Ruth Cuthand: Back Talk is a comprehensive, mid-career retrospective of one of Saskatchewan’s most significant contemporary artists. For over 30 years, this Saskatoon-based artist has been challenging mainstream perspectives on colonialism and the relationships between “settlers” and Natives in a practice marked by political invective, humour, and a deliberate crudeness of style. The exhibition brings together a comprehensive selection of artworks produced between 1983 and 2009.
Ruth Cuthand was born in Prince Albert, Saskatchewan, in 1954, and is of Plains Cree and Scottish ancestry. Her works “talk back” to mainstream media and colonial society, addressing the frictions between cultures, the failures of representation, and the political uses of anger in Canada. Her subjects include “white liberal” attitudes towards Aboriginal women, the Canadian response to the 1990 Oka crisis, Mormon-Native relations in Cardston, Alberta (the artist’s childhood home), and more. Featured prominently in the exhibition is the complete suite of twelve award-winning beadworks, the Trading series, which depict, on a cellular level, the diseases that ravished First Nations upon European contact. In 2009, the MacKenzie Art Gallery in Regina received the prestigious York Wilson Endowment Award to purchase six of the beadworks; the Mendel Art Gallery owns another three.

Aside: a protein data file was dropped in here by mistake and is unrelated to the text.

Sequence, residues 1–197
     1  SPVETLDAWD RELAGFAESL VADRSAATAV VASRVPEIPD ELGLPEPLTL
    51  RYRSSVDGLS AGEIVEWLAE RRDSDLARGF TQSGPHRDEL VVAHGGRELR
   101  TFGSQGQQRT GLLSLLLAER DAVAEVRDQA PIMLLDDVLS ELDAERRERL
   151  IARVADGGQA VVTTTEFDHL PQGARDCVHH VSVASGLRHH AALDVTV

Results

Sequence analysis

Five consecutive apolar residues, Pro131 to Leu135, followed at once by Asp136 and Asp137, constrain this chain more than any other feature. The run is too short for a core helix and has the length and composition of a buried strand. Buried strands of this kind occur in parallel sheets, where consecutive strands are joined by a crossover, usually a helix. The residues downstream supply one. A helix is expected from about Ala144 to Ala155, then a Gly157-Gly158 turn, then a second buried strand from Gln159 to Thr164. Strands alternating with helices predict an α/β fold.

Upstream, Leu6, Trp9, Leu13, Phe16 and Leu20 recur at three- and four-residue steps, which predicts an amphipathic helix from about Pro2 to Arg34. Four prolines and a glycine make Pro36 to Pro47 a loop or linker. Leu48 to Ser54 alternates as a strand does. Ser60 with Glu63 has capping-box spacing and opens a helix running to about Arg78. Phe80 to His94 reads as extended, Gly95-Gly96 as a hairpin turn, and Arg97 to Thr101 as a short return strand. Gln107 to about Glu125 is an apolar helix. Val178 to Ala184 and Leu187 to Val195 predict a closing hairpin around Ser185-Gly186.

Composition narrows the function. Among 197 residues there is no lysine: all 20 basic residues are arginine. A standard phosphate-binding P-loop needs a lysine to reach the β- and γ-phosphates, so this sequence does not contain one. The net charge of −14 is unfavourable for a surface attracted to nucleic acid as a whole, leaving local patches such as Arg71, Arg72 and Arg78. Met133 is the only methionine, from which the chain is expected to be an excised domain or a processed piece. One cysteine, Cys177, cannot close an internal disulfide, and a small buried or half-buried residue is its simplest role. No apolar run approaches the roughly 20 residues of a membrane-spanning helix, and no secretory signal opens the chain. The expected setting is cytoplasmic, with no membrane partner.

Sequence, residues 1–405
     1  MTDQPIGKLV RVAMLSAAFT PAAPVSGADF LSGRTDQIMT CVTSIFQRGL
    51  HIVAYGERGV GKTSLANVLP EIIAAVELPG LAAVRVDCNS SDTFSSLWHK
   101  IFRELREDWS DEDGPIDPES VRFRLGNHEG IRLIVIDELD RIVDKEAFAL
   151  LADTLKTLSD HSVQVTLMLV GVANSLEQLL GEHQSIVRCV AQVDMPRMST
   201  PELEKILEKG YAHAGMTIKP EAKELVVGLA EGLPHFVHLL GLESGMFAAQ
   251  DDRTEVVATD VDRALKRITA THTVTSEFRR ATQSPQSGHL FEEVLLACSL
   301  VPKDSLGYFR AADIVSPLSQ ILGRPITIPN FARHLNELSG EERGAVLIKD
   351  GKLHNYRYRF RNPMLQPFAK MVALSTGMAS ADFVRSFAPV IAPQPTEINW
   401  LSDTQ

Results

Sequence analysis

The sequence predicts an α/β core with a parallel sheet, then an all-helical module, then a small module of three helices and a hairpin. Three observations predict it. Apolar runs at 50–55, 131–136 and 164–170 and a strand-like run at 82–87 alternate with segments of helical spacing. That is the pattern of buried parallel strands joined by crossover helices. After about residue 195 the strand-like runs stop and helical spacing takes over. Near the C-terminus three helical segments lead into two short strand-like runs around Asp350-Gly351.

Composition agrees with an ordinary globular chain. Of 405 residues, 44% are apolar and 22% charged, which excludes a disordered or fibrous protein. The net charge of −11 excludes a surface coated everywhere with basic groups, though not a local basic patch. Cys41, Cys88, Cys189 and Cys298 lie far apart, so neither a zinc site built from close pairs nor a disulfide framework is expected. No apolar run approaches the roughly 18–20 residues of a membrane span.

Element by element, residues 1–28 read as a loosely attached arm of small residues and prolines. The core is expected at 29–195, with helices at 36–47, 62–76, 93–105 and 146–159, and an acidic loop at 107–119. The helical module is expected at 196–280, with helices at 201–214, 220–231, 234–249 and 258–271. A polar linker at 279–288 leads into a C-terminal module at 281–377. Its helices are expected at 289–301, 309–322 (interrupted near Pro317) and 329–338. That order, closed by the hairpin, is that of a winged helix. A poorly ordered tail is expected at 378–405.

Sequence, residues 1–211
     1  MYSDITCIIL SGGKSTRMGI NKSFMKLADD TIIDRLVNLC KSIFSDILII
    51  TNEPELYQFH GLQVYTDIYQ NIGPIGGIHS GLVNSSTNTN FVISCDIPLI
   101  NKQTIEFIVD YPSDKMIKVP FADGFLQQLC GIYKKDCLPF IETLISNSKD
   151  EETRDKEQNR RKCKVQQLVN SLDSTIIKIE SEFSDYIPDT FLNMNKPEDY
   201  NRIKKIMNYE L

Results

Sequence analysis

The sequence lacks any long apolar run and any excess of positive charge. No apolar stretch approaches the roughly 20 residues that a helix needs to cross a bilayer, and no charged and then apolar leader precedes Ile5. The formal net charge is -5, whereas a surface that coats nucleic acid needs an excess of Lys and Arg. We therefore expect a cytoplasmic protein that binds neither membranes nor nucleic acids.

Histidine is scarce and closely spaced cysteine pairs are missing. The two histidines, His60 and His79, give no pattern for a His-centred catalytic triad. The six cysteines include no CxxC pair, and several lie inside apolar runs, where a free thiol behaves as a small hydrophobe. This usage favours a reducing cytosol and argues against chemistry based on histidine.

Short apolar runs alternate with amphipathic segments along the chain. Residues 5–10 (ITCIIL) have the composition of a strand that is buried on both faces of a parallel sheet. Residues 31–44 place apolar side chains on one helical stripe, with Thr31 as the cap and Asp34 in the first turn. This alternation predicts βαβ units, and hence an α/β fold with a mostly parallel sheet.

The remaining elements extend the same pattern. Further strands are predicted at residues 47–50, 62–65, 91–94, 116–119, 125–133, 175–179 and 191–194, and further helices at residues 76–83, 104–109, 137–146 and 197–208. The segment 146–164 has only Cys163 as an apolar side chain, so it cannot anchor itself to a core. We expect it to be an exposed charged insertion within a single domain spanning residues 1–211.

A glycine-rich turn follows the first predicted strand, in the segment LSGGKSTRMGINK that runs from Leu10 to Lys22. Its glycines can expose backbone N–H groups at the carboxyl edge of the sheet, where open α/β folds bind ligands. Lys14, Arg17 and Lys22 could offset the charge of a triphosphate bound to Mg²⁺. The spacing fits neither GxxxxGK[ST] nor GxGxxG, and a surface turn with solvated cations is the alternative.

As an artist, teacher, and cultural activist, Cuthand has been extremely influential for other artists in Saskatchewan, and contemporary Aboriginal artists across Canada. She graduated from the University of Saskatchewan with both a Bachelor of Fine Arts degree and a Master of Fine Arts degree. In 1990, she had the first solo show of her career at the MacKenzie Art Gallery. Her solo exhibition, Location/Dislocation, was held at the Mendel Art Gallery in 1993. Until recent budget cuts to the First Nations University of Canada, Cuthand taught Art and Art History at the Saskatoon Campus.